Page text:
And I still think we all spend too much time on the political equivalences of fantasy football and prom queen elections instead of the stuff that matters.
28 January 2010: Domestic Appeasement
So, with a faux spending freeze, a faux and unpassable health bill, with every public utterance, the Democratic majority is practicing appeasement with the Republicans. And the punditry is exhorting the administration to do a better job of “feeling the pain of the people” or “communicating” with and “educating” them; exhorting the administration not to do the big, important stuff because the “ordinary American” wants to know “what you’re going to do for them.” And the pandering to the minority Republicans and the pandering to the citizens just amounts to Domestic Appeasement. If it’s really a popularity contest instead of a government, fine. Give us ordinary citizens bread and circuses; give us huge tax refunds, with or without (preferably without) the sound bites and the pretense of actually, say, governing. Although, frankly, I’d really rather you just did your job. I’d really rather you stop “fighting” by saying that’s what you’re doing and just rolled up your sleeves and got to work. All of you. Domestic Appeasement is just evasion. It’s the Lowest Common Denominator triumphing over the Common Good. Is that really the point?
15 January 2011 Responds
Health care reform passed!
It did not include a public option. It does not come fully in effect until 2014. And, despite the current Republican desire to repeal it, it is, basically, a Republican and conservative piece of legislation (think back on the days of Hillary-care and remember the plans offered to counter it; think, too, of Romney’s Massachusetts health reform). It remains to be seen if it is as “faux” as I feared, if the subsidies will be enough to cover the millions of Americans who just can’t afford coverage. (And I still think focusing on coverage instead of access to actual care is probably the long way, the wrong way, but Middle Men need jobs, too, I suppose.) Still, it passed, and while I still see it as appeasement in some ways, it (a.) was the result of rolled-up sleeves and hard work and (b.) makes some things better. And that can’t be discounted.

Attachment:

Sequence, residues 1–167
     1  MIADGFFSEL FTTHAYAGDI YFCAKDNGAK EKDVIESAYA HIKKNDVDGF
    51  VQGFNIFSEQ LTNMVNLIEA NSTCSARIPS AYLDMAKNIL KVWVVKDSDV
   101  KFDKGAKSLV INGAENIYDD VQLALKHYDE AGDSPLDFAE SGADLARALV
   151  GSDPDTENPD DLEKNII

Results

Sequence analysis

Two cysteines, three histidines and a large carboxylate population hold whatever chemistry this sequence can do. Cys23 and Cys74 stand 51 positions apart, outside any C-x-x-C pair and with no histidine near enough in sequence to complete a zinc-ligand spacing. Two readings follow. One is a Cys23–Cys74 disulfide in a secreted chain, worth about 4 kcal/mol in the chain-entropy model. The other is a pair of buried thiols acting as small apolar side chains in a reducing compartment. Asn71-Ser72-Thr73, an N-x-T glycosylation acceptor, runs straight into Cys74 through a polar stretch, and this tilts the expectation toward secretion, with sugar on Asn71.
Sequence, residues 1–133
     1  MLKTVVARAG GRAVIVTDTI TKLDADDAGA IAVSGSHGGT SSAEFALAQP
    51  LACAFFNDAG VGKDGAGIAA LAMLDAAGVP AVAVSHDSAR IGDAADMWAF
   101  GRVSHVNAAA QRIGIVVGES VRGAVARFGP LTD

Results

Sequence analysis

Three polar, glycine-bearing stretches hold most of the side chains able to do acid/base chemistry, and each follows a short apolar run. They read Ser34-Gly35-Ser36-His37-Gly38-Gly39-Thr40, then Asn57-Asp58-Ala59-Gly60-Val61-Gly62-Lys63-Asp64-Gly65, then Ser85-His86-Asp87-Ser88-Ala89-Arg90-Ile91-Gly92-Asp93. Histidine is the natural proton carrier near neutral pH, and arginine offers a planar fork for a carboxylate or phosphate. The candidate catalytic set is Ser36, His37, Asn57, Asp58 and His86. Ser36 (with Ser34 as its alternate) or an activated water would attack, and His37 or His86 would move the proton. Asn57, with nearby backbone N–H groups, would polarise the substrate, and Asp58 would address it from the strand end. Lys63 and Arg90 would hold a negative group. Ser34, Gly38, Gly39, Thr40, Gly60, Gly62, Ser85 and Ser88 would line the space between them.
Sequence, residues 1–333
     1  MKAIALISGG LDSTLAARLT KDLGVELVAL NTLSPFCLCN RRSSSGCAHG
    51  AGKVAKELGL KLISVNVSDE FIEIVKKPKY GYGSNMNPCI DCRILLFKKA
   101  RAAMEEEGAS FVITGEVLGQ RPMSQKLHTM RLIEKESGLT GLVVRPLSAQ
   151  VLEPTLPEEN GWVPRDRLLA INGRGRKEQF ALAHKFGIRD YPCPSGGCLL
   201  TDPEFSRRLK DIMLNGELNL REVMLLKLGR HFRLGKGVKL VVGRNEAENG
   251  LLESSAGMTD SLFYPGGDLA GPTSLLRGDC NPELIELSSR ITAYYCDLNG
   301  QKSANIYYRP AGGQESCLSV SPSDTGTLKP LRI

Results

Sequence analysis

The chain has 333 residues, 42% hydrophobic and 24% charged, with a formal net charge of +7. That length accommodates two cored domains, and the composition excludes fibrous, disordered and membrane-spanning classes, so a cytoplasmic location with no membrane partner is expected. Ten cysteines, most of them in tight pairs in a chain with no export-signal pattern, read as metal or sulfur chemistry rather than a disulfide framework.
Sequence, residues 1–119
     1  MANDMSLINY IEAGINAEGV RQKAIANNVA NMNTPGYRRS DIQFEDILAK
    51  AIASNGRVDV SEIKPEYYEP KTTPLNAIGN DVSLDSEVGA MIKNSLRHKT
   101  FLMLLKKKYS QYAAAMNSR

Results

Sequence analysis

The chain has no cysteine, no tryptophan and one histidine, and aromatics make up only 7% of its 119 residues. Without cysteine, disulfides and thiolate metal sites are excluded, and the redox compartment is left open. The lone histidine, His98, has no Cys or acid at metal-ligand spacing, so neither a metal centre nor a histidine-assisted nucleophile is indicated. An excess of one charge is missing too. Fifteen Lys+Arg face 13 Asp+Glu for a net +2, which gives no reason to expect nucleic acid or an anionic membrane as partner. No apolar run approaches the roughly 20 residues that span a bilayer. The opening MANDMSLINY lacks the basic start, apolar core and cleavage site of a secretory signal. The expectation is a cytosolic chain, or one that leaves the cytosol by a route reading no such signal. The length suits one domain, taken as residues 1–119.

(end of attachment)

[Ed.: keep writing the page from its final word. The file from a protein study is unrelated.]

And we got tax refunds, too, for everybody, as it turned out. (Which was a surprise, actually, and I’d sort of like to rescind that whole “bread-and-circuses” thing, as I’ve not room for an elephant and I’m not overly fond of clowns. I am, however, very fond of pumpernickel.) But that bit of Domestic Appeasement will contribute $700 billion to the deficit. Though, maybe it will, as Charles Krauthammer has said, end up being a “rather large stealth stimulus package.”
This year, post-Midterm election, I am less concerned with the administration appeasing recalcitrant senators. The power balance has shifted and things will have to get done. More responsibility for the Red team results in less need for pandering concessions on the part of the Democrats to get things through. But still, the appeasement of the public seems to me a concern. Case in point: focusing on the elimination of earmarks, which are unpopular but also a quirky way of getting some real things done in the U.S. (concrete, visible, needed things: school improvements, libraries, upgrades to infrastructure). No one likes ‘em, but they’re one method of allocating already budgeted resources. But because earmarks sound so toxic and so wasteful, they’re easy to use as popularity enhancers, never mind the practical need for them, or their paltry $15 billion price tag (again, of already budgeted money, so the earmarks themselves didn’t really cost anything); never mind that too often the loudest voices against earmarks are the same legislators who were responsible for the 16 billion dollar peak in earmarks in 2005.* Earmarks: an example of Domestic Appeasement replacing a politically disadvantageous “real” act.